movie_rating = pd.merge(raw_ratings, raw_movies, how="left", right_on="movieId", left_on="movieId")
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What are the top 10 most rated movies?

We want to know better, what movies are top rated in our system. We use the merged dataframe of movies and ratings, group it by title and sort by the number of rows per movie to get the top 10 movies.

top_ten_movies = movie_rating.groupby("title").size().sort_values(ascending=False)[:10]
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Top rated movies

If we build our recommender system based on ratings, we have to check if we have some bias in our data. It could happen that top rated movies are recommended more often compared to less rated videos in the end. This is something to be discussed with subject matter experts to have clear expectations.

Are ratings in general more positive or negative?

We want to now more about the distribution of ratings. Our hypothesis is, that recommending low rated videos might not be a good user experience. On the other side we might not be too aggressive as it can lead to biased recommendation by ignoring those low rated videos. Maybe there are users that are still interested in low rated videos because they fit their favorite genre. Who knows?

Let us in a first step visualize the distribution of all ratings. In a next step we will categorize ratings that are lower than 3.0 as a negative rating. All other ratings will be categorized as a positive rating.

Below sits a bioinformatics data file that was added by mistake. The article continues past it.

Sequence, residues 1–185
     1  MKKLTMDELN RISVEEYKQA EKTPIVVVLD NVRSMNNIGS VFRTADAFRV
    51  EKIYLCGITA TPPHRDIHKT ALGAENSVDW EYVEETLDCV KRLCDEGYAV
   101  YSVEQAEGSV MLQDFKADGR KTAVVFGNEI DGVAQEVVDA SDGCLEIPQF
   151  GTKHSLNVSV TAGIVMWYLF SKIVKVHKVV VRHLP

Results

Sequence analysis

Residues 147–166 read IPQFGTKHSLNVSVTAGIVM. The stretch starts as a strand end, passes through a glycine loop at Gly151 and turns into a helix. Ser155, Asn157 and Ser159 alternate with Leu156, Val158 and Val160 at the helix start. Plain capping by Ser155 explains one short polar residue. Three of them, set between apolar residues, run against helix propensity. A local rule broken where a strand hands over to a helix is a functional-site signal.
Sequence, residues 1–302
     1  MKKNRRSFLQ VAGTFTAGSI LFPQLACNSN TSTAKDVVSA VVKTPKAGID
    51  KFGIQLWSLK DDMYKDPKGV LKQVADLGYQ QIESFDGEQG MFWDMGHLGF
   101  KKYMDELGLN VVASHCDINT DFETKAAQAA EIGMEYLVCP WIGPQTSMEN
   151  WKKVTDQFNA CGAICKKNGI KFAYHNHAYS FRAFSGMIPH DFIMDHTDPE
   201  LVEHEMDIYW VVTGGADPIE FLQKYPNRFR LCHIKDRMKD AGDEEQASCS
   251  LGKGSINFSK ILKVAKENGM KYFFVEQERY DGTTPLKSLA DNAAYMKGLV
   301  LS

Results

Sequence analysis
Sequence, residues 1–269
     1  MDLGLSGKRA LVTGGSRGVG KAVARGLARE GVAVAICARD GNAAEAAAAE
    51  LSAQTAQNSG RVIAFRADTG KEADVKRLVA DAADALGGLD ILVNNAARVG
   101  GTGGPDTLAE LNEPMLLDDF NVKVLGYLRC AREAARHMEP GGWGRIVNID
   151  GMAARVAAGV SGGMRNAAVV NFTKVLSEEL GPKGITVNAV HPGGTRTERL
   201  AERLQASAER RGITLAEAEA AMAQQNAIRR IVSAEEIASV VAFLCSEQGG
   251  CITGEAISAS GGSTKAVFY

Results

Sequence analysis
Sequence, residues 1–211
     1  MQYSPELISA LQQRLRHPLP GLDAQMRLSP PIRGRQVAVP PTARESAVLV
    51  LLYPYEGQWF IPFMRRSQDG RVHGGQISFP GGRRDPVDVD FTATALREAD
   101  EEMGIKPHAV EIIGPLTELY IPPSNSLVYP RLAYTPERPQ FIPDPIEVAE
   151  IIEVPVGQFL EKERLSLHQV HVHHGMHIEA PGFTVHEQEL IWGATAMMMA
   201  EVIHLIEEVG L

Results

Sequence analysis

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Screenshot 2021-10-08 at 10.55.59

We now map each rating that is bigger than 3.0 to a positive sentiment and all other ratings to a negative sentiment.

rating_sentiment = raw_ratings.copy()
rating_sentiment["sentiment"] = rating_sentiment["rating"].map(lambda x: "positive" if x > 3.0 else "negative")
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Rating sentiment

We now get an idea that the majority of ratings are "positive".

How many videos are released per year?

movies = raw_movies.copy()
movies['release_year'] = movies['title'].str.extract('\((\d{4})\)',expand = False)
movies = movies.dropna(axis=0)
movies['release_year'] = movies['release_year'].astype('int64')
movies['title'] = movies['title'].str.extract('(.*?)\s*\(', expand=False)

movie_year = pd.DataFrame(movies['title'].groupby(movies['release_year']).count())
movie_year.plot(x="release_year", y="title", legend=False, xlabel="Release year", ylabel="Number of movies", figsize=(12, 6));
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Released videos per year

Movies range from release dates from 1902 till 2018. Since round about the year of 1980 the amount of released movies seems to be increasing more strongly. There is an interesting drop of releases round about in the year of 2012. In 2018 nearly the same amount of movies were release like in the end of the 70s.

If there were subject matter experts in place, those analysis might result in some very interesting question to better understand the driver of both the increase in the 80s but also the drop after 2010.

💡 Conclusions

Data exploration and the learnings you gained out of data puts yourself in an excellent position. Ideally you formulated the business problem you want to solve upfront. Define some relevant KPIs you want to improve. Based on your learnings you can now dive deeper into what is possible in your situation. Challenge your KPI definition or define additional hypotheses that will guide you on your journey.

Alexa says, time is over...see you next time.

I am not a data scientist and would never consider myself to have a deep knowledge in this context. But I have to admit that I am getting a bit obsessed about those things around data science, data exploration, analysis and data driven decisions. I observed a lot and tried to be the sponge that soaks up everything in this area.

Hence I am really interested in your feedback, experience and thoughts in the comments. 👋

Cover Image by Andrew Neel -